Finally, for both practitioners and researchers dedicated to customer experience, our work suggests potential opportunities in customer experience evaluation methods and tools that need to be explored, as well as integrated metrics. First, we stress (1) the need to examine field research approaches to ensure consistent experience evaluation along the customer journey based on the identified critical moments (moments of truth) and (2) the opportunity to get back to the basis in order to design an intended brand experience that goes beyond a specific channel or touchpoint.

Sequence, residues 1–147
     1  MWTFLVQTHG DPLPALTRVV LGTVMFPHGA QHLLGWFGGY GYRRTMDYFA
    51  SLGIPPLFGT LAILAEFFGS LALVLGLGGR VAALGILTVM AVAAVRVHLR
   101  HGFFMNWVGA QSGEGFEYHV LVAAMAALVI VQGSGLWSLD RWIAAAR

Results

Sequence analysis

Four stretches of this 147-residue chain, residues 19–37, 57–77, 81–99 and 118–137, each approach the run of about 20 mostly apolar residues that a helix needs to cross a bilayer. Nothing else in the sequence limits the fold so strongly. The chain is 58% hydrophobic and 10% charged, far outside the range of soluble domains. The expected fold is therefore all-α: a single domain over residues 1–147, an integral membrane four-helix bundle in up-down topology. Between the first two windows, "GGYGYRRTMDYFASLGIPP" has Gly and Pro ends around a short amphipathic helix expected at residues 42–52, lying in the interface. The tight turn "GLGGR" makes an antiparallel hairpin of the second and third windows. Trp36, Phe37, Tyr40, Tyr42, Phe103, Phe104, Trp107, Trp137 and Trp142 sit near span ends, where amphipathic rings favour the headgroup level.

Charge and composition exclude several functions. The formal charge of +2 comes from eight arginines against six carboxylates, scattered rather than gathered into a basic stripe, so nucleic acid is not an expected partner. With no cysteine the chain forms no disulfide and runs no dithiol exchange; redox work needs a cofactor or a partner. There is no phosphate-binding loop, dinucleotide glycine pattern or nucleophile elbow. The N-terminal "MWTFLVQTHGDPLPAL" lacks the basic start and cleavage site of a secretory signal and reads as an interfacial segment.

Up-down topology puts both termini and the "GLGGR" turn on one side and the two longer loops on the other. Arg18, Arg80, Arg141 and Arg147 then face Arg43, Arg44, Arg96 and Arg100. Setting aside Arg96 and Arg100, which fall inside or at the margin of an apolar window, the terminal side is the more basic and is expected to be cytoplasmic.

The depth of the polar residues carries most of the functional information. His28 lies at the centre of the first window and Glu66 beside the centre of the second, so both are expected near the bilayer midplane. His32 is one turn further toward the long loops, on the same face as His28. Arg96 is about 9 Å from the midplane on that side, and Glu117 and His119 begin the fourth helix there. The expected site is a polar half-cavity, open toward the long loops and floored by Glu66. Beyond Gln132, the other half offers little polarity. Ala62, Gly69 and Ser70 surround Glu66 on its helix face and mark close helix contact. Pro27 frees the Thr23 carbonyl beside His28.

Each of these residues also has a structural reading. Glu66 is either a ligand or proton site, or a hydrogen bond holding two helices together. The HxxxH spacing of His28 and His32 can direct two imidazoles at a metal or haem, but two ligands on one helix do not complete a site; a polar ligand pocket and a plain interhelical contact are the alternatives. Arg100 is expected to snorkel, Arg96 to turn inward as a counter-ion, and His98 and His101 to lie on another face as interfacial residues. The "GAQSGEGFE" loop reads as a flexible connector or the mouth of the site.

Beyond CX strategies, we recommend to involve human resources management in this transitioning process. We would like to acknowledge our study limitations. First, due to time and resources constraints, we had to limit the industries represented in this research. Namely, our participants came from financial services, airlines, telecommunications, and the education industry. However, consultancy professionals bring a general vision of the transition process from multichannel to omnichannel as they have access to a broader project portfolio as they work with different clients in several industries. Although we conducted our research until data saturation was reached, the number of participants was small, so generalizability is not expected—rather, we aim to provide an understanding of the issues raised by our participants. Second, our research is focused on CX aspects of omnichannel approach. As expected, the findings mainly reflect the context of service companies. For example, if we had done a similar study in retail, logistics and reverse logistics would probably have gained an important relevance. Finally, in order to convey the user’s perspective through this framework and ensure it is customer-driven, we expect future research to address several gaps. As an insight from the human–computer interaction perspective, as we saw during this study, practitioners wish for management practices that are customer-based and not company-based, which leads us, for example, to question the channel ownership model. In a similar way, we, as researchers, should consider the person as a whole, throughout their journey and beyond a device. This could be reflected in simple actions such as referring to a “person” or “human” more than a “user”.